It seemed almost criminal to put on a pair of brand-new, shiny shoes and wear them down to the barn first thing. Growing up in the war years of the 1940s with parents who had come through the Great Depression, I was taught that new shoes were to be cherished (unless they were the dreaded Buster Brown brown oxfords that I hated). When I was a kid, all shoes were made of real leather and that was a commodity that was rationed to make shoes and boots for the servicemen and women during WWII; so many things were. Old school shoes became play shoes, regardless that they were too small by then. How many times did I hear, "Don't scuff your shoes!" or "Don't drag your toes," probably when I was wearing the oxfords and hoping to wear them out fast. My dad was somewhat of a dandy, always dressed to the nines with a pocket handkerchief that matched his tie and shoes so shiny you could see your face. When he would take me downtown (in our tiny little town), we would go to the shoeshine stand on the sidewalk, sit in the high chairs, and the man would polish our shoes. I thought that was so cool. It was undoubtedly those blasted brown oxfords that gave me my passion for high heels (which I was not allowed to wear until I was fifteen). I still have a box in my closet with twenty or so pairs of high heels that I will never wear again but am unable to throw out. I'm having trouble throwing away the old barn shoes that are cracked and split and unwearable. I didn't realize how uncomfortable they'd become until I put on the new pair, but haven't been able to put them in the trash bin yet.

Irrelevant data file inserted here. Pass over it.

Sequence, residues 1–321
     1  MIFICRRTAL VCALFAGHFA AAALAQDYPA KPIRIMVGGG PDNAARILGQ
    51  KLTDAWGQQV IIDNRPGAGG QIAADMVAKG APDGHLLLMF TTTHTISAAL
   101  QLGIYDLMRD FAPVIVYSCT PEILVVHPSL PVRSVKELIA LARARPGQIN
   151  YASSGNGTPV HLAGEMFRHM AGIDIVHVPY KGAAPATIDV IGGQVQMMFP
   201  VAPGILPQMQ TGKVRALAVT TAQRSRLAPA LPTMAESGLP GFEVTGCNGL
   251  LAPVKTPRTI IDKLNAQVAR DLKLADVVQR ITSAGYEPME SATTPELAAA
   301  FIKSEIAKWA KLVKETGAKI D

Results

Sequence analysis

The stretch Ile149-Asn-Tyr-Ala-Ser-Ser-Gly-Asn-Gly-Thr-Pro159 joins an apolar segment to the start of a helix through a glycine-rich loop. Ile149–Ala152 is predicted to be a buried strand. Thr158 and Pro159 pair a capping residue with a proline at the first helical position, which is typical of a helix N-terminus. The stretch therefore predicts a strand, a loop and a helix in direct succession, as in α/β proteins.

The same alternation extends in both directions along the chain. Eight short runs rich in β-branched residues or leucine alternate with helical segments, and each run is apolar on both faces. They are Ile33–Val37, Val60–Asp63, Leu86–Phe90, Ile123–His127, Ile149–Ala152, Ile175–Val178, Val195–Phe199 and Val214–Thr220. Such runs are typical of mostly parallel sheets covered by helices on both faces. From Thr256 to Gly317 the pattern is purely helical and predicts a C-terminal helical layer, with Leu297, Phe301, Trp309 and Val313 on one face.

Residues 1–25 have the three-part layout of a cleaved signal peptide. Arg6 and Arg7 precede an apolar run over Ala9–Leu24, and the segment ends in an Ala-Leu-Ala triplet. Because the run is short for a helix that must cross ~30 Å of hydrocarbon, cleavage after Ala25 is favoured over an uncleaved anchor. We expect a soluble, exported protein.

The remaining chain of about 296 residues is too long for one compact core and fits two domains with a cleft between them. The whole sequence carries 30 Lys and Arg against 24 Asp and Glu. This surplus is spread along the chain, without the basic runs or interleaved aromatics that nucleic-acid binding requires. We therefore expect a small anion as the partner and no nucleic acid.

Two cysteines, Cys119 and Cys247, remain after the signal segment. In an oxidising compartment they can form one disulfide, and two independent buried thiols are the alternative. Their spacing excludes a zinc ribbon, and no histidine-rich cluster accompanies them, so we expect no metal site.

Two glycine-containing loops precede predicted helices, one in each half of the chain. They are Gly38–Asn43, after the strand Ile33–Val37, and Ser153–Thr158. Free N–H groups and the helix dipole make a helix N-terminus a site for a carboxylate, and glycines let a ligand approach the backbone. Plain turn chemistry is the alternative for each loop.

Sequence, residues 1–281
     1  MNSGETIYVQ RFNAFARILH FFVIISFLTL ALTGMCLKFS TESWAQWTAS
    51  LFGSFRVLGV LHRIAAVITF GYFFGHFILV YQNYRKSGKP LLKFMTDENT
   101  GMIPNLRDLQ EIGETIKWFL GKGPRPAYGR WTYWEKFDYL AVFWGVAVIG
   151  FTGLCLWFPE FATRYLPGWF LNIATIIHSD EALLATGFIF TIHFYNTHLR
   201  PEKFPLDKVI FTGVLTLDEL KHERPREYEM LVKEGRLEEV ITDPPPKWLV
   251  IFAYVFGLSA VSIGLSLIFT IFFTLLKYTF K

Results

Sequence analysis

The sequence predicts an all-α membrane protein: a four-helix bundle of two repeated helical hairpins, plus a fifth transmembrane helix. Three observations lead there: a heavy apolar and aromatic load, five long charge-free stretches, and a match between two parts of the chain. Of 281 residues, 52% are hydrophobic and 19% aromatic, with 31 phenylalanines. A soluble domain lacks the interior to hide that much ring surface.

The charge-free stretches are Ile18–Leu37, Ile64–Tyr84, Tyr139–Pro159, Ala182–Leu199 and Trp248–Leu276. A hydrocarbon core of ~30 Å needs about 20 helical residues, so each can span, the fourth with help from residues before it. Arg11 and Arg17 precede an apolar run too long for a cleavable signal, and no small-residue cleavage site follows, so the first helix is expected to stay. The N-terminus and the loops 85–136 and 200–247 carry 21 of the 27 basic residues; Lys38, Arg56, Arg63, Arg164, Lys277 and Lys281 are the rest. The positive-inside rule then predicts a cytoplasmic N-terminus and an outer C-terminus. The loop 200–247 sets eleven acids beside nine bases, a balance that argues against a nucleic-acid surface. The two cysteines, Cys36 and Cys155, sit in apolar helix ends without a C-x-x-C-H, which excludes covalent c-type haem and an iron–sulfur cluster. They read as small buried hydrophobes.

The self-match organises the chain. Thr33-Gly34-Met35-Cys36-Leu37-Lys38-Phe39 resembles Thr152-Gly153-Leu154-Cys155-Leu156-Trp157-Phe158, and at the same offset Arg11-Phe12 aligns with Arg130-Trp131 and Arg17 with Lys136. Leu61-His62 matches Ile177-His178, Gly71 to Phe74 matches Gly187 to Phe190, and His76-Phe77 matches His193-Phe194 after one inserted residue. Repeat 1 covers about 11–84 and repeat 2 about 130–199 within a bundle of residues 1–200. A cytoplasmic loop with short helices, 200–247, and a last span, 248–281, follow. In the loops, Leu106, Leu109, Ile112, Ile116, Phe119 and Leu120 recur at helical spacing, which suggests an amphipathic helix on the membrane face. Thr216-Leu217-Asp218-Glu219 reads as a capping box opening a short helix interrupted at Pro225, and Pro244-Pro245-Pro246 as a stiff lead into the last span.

The grass was high and wet, the barn had the usual doodah, the chicken pen full of droppings, and the new shoes aren't shiny anymore. Oh well, I've still got a pair of go-to-town shoes in the closet.